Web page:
21st Oct, 2018

Airline pilot denies murdering estranged wife at her south Warwickshire village home

Ian Hughes 15th May, 2018

AN AIRLINE pilot smashed his estranged wife with a saucepan, then punched, kicked and stamped her to death in a rage because she refused to drop the asking price on their former home.

Despite the brutality of the killing, Andrew McIntosh, a pilot with the Tui holiday company, has pleaded not guilty to his wife Patricia’s murder at her home in Knightcote near Gaydon.

The jury at Warwick Crown Court heard the defence case is that 54-year-old Mr McIntosh, who was living in a cottage at Woolscott Manor, Woolscott, Rugby, was suffering from diminished responsibility.

Prosecutor Peter Grieves-Smith said the McIntoshs, who had both been married before, had married in 2012, but separated in June last year, and divorce proceedings had begun.

Their home, Grass Yard in Knightcote, where Patricia had continued living after Mr McIntosh moved out, was put up for sale.

But by November there had been little or no interest from buyers and Mr McIntosh wanted to drop the sale price but mum-of-one Patricia did not.

On November 15 she was again asked to drop the sale price, and declined, which angered the defendant.

He was earning more than £100,000 a year, but said he was under financial pressure and complained about Patricia having ‘expensive tastes’ – although Mr Grieves-Smith observed he had chosen to buy and drive a Maserati and a Range Rover.

Despite being on standby that day, the defendant was drinking during the afternoon before deciding to drive to Knightcote to talk to Patricia, a nail technician, without any warning.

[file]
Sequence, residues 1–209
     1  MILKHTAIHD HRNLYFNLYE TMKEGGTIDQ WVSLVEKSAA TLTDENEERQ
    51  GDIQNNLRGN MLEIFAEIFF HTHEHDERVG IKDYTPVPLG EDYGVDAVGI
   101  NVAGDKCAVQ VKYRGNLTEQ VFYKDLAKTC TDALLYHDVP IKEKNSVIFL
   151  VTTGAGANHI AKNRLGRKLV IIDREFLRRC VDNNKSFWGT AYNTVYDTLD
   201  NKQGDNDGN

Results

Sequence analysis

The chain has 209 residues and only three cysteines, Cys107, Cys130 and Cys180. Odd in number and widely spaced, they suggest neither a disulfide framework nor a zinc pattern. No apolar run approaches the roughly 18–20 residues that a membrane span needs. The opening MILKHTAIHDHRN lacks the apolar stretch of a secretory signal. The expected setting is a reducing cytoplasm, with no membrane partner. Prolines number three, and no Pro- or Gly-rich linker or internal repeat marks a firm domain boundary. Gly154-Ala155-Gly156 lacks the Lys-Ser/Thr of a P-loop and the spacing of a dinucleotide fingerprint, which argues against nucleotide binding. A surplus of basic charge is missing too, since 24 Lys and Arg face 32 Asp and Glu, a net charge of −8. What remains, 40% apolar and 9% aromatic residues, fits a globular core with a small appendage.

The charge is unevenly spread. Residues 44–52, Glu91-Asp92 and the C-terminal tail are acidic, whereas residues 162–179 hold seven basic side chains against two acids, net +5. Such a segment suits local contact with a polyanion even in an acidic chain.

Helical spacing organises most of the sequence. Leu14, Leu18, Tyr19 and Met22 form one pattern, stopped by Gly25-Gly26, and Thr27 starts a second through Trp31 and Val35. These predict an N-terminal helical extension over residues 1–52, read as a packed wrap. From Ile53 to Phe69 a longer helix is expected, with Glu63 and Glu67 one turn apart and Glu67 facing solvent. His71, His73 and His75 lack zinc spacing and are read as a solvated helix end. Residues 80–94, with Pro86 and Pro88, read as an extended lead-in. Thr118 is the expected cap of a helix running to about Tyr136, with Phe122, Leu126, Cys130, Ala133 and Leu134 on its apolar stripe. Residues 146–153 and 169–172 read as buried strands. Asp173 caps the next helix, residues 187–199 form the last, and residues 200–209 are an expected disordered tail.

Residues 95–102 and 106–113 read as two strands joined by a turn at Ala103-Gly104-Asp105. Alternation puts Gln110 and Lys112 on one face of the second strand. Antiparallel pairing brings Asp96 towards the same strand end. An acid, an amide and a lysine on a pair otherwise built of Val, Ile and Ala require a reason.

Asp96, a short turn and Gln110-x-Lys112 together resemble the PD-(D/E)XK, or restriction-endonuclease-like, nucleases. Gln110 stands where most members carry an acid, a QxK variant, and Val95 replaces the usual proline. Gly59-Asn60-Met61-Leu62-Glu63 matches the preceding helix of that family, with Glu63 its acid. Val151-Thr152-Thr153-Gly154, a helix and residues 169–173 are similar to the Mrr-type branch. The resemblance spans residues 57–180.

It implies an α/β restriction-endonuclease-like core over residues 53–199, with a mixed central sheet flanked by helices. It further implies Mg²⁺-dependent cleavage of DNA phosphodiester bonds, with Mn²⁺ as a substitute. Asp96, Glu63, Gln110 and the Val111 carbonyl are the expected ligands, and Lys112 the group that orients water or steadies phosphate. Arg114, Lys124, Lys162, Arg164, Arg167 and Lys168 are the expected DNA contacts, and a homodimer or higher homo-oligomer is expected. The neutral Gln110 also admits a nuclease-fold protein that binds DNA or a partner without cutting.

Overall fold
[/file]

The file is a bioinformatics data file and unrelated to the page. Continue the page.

Patricia, who had been to a spa facility with a friend that day, was back at home and preparing a meal when he arrived.

Mr Grieves-Smith said: “He was to tell the police that he asked her to change her mind. She declined to do so, and told him to leave.

“He then grabbed her and attacked her. To use his terms, ‘I lost control.’”

The jury was told he picked up a saucepan containing water and peas, and ‘smashed her with it,’ before also attacking her with his fists and feet, kicking her and stamping on her.

“She died on her kitchen floor. The defendant did nothing to help her after he had finished the attack. He didn’t try to give her first aid, or call 999, or anything.

“He left her lying on the ground, with blood surrounding her head and on the kitchen surfaces and elsewhere.”

What he did do, said Mr Grieves-Smith, was pull down the kitchen blind and turn off the cooker before leaving.

Mr McIntosh drove home to Woolscott where he drank a bottle of wine and contacted friends in Norfolk, admitting what he had done and telling one of them: “I’ve just murdered Trish in a rage and am just waiting for the police to arrive.”

Meanwhile the other person he had contacted, asking for his bank details so he could pay some money into his account, had alerted the police.

But rather than waiting for them, the defendant drove to the Green Man pub in Dunchurch where he spoke to a friend who worked for the police, and told him he had ‘punched her and kicked her and stamped on her head.’

He then had another drink at the pub before driving into Rugby, where he was stopped by police and arrested.

The trial continues.

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